But to the common housefly as to our quite uncommon Sly, this was presently the furthest thing from the frontal lobe. He sat perched, his posture made horrific with his focus and his hands cupping earphones to make sure the real world didn’t run interference on his listening pleasure. His was the portrait of trancelike assiduity of the kind expected from brain surgeons and rocket scientists, not underpaid professor’s assistants, and he wasn’t even sure what he was listening for. The Professor had left a note asking him to spend time overhearing public conversations and make note of outbursts, with no further enumeration, and before he set the tape into motion, he’d carefully mapped out on grid paper a list of the basics: he would make a note of conversational laughter, random expectoration, shouts, infant cries, bursts of song, whistles, cries for help, sweeping romantic gestures of swooniness, coughing jags, and volcano eruptions or related natural events. The plan was to listen clear through, make a time code note for each occurrence of each event, and tally them all up at the end. Maybe bind it up in a nice folder if the report extended to multiple pages, or pull out the highlighting markers and turn the entire thing into a take-me-seriously chart. The Nagra was his idea too, so that he wouldn’t be made a slave to the speed of his own handwriting, and convincing Flax to let him surreptitiously snag it for a day (his idea), and, of course, leaving it unattended so that he could be sure his presence wouldn’t affect the results in any way (nothing short of brilliance, if you ask him). He was thinking like a scientist, thinking like someone important doing important work for a professor, thinking like a guy made of higher thinking itself. Or at least this is what he’d thought before his ears were covered and his pen positioned ready and at the grid and ready to make its mark. But when the tape was threaded and the play button pressed, a different story was told, and so he sits, transfixed, with not a mark to be made.

What he was discovering, were he able to clear the fog from his own purview and make any kind of real-time sense of it, was that when measured in purely auditory terms, everything was an outburst. All of it. The wind. A shuffled step passing by. The flop of a tired body hitting the bench, or the grace of a more active one placing itself there. The feet of a trained runner hitting the walkway at something like five-Gs as they burst by the input center from right channel to left, and those of a late-for-worker hitting just as hard, but with the not-to-be-mistaken thud of a loafer. The babble of a baby accompanied by the screech of a stroller and, barely trailing, the military clip of a mother’s pumps, or were they the nanny’s? The hit of soda can in garbage pail, and the sniff of a dog to the recording input. He wasn’t making romantic gestures about the entire business: this wasn’t a moment of transcendental elevation, nothing hippie about it at all, matter of fact. Just the general wowishness of amplification and clarity of specific sounds, maybe with a tinge of confusion for what to do with his grid-papered cross-purposelessness. And with the echo of every last, he made his way through the entire eight-hour recording, including the muffled bits (as evidently one of the canine explorers had decided to take a warm respite on the machine’s top), without once coming up for air, and only now, in a dark-circle daze and in need of coffee, he barely makes his way to the outer circles of doors on this new mission when he passes Flax checking back in for the day and making his way to his own perch.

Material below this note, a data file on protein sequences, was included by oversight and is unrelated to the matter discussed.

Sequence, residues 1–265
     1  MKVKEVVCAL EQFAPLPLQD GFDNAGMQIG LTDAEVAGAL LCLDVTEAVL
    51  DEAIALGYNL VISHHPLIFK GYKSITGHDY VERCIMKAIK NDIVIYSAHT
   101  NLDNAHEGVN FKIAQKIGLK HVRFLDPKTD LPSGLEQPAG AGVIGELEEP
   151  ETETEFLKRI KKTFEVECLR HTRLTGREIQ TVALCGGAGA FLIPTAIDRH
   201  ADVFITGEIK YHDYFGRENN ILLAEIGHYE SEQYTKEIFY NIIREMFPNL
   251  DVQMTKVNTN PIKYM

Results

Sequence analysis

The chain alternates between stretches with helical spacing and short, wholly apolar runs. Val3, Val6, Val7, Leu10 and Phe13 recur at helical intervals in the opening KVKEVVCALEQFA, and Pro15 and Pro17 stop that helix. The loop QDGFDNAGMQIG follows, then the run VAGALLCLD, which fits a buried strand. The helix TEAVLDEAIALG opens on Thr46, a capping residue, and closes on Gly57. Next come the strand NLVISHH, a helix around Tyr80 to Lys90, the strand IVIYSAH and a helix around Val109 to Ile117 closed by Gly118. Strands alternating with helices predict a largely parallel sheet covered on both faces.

“You doing a double shift or something? How can you be back already?”

“Never mind that. What are you still doing here? Must’ve been something great on that tape.”

“Incredible things. Need caffeine and a re-view to take it all in. If it weren’t confidential I’d let you listen. One day, when it’s published. Want anything from the outside?”

“Never want anything from the outside. Hence here I am.”



Which was about as much conversation as these two were capable of summoning that wasn’t directly on the topic of homemade take-up reel extenders or their latest plans for new SNR measuring techniques. Good thing he didn’t actually apply any of these techniques for his radio hoedown yesterday. And had that all happened yesterday already? Well, sure, at least, according to the altered states of gracelessness of his every nerve after so much time spent awake, and so much of that waking time spent seated nearly immobile and auditorily engaged in a world not his own. Now, with the breeze (whose sound when not on the skin was nothing more uplifting than luctisonus) waking him up just enough to begin to process what he’d been privy to, he made his way to the corner deli and back, then decided on a walk round the block in hope of kicking his legs back into motion while assembling and replaying a sort of greatest highlights reel as best as he could from memory.

The most memorable to recap in great detail were the conversations, and he’d positioned the recorder at just such an angle to capture distinct voices as well as their positions on the benches, and, the more he listened, the angle at which information was lobbed back and forth. There were outbursts in almost all the conversations, but nothing like what he’d been anticipating to track on paper. In what would be the most scandalous were this a small enough town to recognise others by voice alone, two women, young and educated (or, he allowed himself in a wisp of longing, being educated at this very university, which wasn’t so unlikely, given proximity and the hour, which he’d have to confirm but which could well have been one of the scheduled breaks between class hours). Two young women sharing a hushed conversation, the one on the left (the left when seated, not when standing in front of the bench, “bencher’s left,” as he’ll now refer to it) speaking through obviously labrose lips, while the one on the right – on the bencher’s right – had the higher pitch to her voice and a slight lilt that she’d learned to mask over what must have been a decent number of years, and after their requisite exchange of hiyas and hellos, he’d recreate the exchange from memory as follows: